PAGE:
Sustainable America Blog

Renewable Energy Around The World

In light of the G20 Summit in Mexico this summer, Sustainable America took a look at what has changed since 2002, when this group of finance ministers and central bank governors from 20 major economies pledged to “substantially increase” the use of renewable energy.1 Our graphic below uses multiple sources to examine the progress (and in some cases the lack of progress) made worldwide in the last decade, where the energy is coming from (hint: oil is still #1), and the investment money going toward clean energy.


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By the Numbers

Currently 50 million households suffer from food insecurity, meaning that family members cannot always meet their basic food needs.

10 million people a year could be fed through the recovery of just one-fifth of food waste.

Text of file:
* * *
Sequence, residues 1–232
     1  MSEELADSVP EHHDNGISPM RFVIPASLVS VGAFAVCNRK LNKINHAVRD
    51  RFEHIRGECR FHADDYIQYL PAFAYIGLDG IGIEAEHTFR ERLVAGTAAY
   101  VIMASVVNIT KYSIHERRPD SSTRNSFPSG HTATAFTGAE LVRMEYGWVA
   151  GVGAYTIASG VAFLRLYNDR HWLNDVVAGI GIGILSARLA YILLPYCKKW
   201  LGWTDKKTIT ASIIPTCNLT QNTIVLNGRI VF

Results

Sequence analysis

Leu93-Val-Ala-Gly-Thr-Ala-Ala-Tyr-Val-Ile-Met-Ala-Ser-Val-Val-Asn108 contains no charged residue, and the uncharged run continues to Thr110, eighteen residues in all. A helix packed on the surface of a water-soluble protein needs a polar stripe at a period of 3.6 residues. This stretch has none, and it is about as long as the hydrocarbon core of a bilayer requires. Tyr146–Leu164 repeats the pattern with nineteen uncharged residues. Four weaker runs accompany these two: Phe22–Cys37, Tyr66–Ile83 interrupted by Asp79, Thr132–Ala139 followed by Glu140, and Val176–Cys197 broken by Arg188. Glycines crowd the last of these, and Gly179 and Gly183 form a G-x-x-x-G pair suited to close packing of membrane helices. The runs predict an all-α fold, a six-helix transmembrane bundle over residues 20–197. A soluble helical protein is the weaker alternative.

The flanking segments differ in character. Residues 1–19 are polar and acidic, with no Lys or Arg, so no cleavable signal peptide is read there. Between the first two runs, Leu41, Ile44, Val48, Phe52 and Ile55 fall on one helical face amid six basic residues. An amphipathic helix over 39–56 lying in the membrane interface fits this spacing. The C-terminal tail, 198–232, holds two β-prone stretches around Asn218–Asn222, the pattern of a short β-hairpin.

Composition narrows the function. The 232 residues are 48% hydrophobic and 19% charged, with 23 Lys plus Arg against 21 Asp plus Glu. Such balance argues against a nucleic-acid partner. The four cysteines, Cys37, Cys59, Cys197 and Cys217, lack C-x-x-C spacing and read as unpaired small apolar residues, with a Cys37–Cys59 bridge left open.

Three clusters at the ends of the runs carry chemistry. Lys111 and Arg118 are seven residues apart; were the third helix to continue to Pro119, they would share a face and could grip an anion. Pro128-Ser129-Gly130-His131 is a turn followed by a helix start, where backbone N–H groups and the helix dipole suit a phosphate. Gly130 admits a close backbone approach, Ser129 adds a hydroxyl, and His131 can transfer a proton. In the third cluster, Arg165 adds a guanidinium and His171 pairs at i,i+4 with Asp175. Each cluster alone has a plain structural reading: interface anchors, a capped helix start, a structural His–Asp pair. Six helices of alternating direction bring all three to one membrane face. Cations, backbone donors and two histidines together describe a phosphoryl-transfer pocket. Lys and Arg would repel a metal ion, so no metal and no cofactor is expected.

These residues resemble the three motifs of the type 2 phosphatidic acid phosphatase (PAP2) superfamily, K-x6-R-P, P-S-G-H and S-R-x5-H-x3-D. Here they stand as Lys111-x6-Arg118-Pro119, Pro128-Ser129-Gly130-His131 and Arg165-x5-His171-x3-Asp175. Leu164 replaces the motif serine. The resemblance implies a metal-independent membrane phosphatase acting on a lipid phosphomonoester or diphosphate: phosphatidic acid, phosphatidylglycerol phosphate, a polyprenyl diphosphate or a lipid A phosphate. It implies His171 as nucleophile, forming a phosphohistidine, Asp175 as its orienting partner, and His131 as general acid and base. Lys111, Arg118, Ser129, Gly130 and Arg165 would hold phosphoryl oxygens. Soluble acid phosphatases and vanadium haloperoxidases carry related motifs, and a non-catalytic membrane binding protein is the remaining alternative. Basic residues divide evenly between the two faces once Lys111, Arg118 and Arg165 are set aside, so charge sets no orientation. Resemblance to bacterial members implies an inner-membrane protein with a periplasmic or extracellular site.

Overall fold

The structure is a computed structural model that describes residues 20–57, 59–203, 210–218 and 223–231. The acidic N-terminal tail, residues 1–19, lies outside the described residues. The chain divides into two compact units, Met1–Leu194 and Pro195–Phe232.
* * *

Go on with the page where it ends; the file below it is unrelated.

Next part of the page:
Only 2% of food waste is composted or otherwise recycled—62% of paper is recycled.

Consumers throw out about 40% of the fresh and frozen fish they buy.

The U.S. produced 208 pounds of meat per person in 2009—60% more than Europe.

Low income commuters spend a much higher proportion of their wages on gas—8.6% versus 2.1% at $4 per gallon.

Food prices rose 35-40 percentage points between 2002–2008.

Americans consume 25% of the world’s produced oil, but our nation holds less than 3% of the world’s proven oil reserves.

The International Energy Agency says greenhouse gas emissions rose 3.2% last year, with a 9.3% increase in China offsetting declines in the US and EU.

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